This central dilemma joins a host of other logistical challenges that makes the eastern DRC something of a perfect storm for a vaccination campaign. Until work is done to develop a more thermo-stable version of the V920 vaccine (or any of the other competing Ebola vaccines being developed by the likes of GlaxoSmithKline and Johnson & Johnson), establishing a reliable cold chain for V920, which requires temperatures of between -60°C and -80°C to survive longer than a couple of weeks, will be an ongoing challenge, although high-tech cooling units such as Intellectual Ventures’ Arktek have proven effective in remote environments.

Existing local infrastructure also seems to be driving Ebola infection rates. In November, while noting that the current outbreak is unlikely to be contained for “at least another six months”, Salama told reporters that local health centres in and around Beni have been a locus of Ebola infection.

“Probably more than 50% of cases in Beni have been driven from these tradi-modern healthcare facilities, and the fact that hygiene and injection practices in these areas are relatively unsafe,” Salama said.

V920: supply and licensing

The existing supply agreement with Merck – maintaining a stockpile of 300,000 doses – is easily enough to cover the needs of the relatively supply-efficient ring vaccination strategy being pursued now, but if the outbreak continues to deteriorate and threaten to spread across borders, a campaign of mass vaccination might become necessary. In this case, the standing supply of 300,000 doses of V920 may be put under strain – the city of Beni, where contact tracing has proven particularly difficult, has a population of around 230,000.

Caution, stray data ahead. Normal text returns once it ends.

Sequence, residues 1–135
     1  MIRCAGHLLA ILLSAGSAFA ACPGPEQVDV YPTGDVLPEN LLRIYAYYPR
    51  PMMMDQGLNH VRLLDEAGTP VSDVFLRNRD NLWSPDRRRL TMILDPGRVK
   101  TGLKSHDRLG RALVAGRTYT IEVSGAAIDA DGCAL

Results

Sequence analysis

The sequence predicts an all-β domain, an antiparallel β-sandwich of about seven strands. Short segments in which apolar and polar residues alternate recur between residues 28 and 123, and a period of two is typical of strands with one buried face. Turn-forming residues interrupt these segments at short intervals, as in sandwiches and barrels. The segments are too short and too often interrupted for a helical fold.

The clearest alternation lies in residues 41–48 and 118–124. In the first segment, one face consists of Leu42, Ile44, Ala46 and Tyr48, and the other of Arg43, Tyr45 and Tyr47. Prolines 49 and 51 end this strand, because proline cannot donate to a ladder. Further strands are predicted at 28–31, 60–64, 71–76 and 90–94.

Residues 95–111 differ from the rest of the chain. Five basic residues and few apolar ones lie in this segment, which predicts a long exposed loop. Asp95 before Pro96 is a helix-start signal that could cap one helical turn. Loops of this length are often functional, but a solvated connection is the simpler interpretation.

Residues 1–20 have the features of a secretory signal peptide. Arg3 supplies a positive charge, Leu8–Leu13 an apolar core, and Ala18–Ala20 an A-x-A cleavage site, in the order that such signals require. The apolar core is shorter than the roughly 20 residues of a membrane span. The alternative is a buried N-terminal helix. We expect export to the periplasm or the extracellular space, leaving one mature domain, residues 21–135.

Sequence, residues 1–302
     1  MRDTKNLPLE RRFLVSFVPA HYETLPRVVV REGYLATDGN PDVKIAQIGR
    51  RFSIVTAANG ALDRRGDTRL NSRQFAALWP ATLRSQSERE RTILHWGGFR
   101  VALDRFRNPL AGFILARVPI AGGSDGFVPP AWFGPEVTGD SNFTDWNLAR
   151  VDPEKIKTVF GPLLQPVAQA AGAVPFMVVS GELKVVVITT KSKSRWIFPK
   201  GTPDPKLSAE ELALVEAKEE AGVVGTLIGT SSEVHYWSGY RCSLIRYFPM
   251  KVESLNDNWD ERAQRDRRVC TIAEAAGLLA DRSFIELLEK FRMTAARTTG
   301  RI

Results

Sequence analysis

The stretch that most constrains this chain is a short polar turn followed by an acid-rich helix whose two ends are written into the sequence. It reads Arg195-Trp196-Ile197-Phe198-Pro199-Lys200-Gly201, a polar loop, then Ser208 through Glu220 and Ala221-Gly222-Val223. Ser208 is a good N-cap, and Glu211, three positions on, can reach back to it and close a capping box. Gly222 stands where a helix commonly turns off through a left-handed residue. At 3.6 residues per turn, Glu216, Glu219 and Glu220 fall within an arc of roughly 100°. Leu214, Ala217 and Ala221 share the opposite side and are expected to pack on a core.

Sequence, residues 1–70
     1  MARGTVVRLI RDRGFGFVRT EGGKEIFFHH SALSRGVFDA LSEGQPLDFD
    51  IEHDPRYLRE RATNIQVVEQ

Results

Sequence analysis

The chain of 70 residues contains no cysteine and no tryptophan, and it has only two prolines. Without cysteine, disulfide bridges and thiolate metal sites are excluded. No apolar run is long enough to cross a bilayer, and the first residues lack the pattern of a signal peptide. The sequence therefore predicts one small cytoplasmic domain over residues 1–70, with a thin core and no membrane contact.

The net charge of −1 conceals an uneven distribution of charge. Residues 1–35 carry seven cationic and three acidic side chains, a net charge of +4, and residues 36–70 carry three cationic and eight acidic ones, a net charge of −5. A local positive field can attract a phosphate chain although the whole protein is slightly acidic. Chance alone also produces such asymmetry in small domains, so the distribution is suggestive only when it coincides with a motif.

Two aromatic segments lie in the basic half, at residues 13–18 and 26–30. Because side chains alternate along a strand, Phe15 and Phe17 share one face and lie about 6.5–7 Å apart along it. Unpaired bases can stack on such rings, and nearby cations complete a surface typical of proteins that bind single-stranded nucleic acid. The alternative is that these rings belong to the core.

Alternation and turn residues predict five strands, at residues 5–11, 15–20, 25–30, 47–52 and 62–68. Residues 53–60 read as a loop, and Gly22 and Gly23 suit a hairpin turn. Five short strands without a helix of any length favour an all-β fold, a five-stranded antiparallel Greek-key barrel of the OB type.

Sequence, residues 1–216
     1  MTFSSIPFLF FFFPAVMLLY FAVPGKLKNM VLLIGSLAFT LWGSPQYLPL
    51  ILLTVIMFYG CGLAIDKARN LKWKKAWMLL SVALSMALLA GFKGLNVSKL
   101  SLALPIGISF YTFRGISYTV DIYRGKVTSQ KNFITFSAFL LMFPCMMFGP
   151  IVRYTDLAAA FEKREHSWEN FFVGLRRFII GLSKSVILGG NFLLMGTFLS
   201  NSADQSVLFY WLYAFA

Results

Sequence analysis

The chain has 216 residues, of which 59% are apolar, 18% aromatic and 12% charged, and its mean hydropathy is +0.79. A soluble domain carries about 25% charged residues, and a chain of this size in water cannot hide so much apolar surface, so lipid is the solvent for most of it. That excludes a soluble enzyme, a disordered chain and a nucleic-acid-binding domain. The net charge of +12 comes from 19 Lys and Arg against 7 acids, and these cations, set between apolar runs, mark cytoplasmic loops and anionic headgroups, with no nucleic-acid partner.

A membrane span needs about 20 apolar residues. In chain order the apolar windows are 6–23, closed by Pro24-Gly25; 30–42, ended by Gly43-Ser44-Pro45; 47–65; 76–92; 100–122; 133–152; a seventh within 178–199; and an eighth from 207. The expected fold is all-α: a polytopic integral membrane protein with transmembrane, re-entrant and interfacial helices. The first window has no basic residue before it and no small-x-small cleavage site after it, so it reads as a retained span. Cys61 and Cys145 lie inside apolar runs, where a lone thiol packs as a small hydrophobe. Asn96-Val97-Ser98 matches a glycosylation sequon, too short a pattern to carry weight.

Nevertheless, in their article, Srikrishna and Dhillon point out that full vaccination isn’t necessary to hit the critical mass necessary to achieve ‘herd immunity’ – a sufficient level of immunity in the population to stop disease spread in its tracks. The experts pointed to a 2016 University of Rhode Island study that suggests only 42%-63% of the affected population would need to be vaccinated to establish herd immunity against Ebola. Still, Srikrishna and Dhillon recommended pre-emptive action to ensure that supply matches any future ramping-up of vaccination programmes.

Licensing for V920 seems like a distant concern compared to the pressing need of the people living through the worst Ebola outbreak in the DRC’s history. But, while V920 has proven clinically effective and remains a vital part of the international response to Ebola, it is important to remember that it is an experimental vaccine, and the health risks involved with its use have still not been fully described. Achieving proper approval for the vaccine could help ease local suspicions, and provide a reliable yardstick against which alternative vaccines can measure their own performance.

In November, Merck announced that it has started the submission of a rolling Biologics Licence Application to the US Food and Drug Administration, having already been awarded the regulator’s breakthrough therapy designation in 2016. The company expects the submission process to be complete in 2019.

Above all, the ongoing Ebola crisis in Kivu province serves as a potent reminder that human conflict is the most dangerous enemy of public health; beyond the direct consequences of violence, conflict creates conditions ripe for the emergence of health crises, and prevents countermeasures that would otherwise be effective. There are dozens of factors to consider in the response to the Ebola outbreak in the DRC, but the most important one, the foundation that supports everything else, is the hardest to remedy – a lasting peace and security in the country’s terrorised eastern provinces.